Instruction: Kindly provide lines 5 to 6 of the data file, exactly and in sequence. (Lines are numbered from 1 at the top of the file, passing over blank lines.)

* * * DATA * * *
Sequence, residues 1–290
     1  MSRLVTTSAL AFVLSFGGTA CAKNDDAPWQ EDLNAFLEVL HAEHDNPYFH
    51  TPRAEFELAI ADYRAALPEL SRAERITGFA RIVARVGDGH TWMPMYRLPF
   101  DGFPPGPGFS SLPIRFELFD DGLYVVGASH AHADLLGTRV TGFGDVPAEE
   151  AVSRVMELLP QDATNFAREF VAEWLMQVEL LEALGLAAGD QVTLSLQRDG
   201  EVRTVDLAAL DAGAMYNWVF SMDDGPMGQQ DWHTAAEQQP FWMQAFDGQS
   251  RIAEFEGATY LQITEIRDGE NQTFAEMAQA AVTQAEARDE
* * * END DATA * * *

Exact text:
   151  AVSRVMELLP QDATNFAREF VAEWLMQVEL LEALGLAAGD QVTLSLQRDG
   201  EVRTVDLAAL DAGAMYNWVF SMDDGPMGQQ DWHTAAEQQP FWMQAFDGQS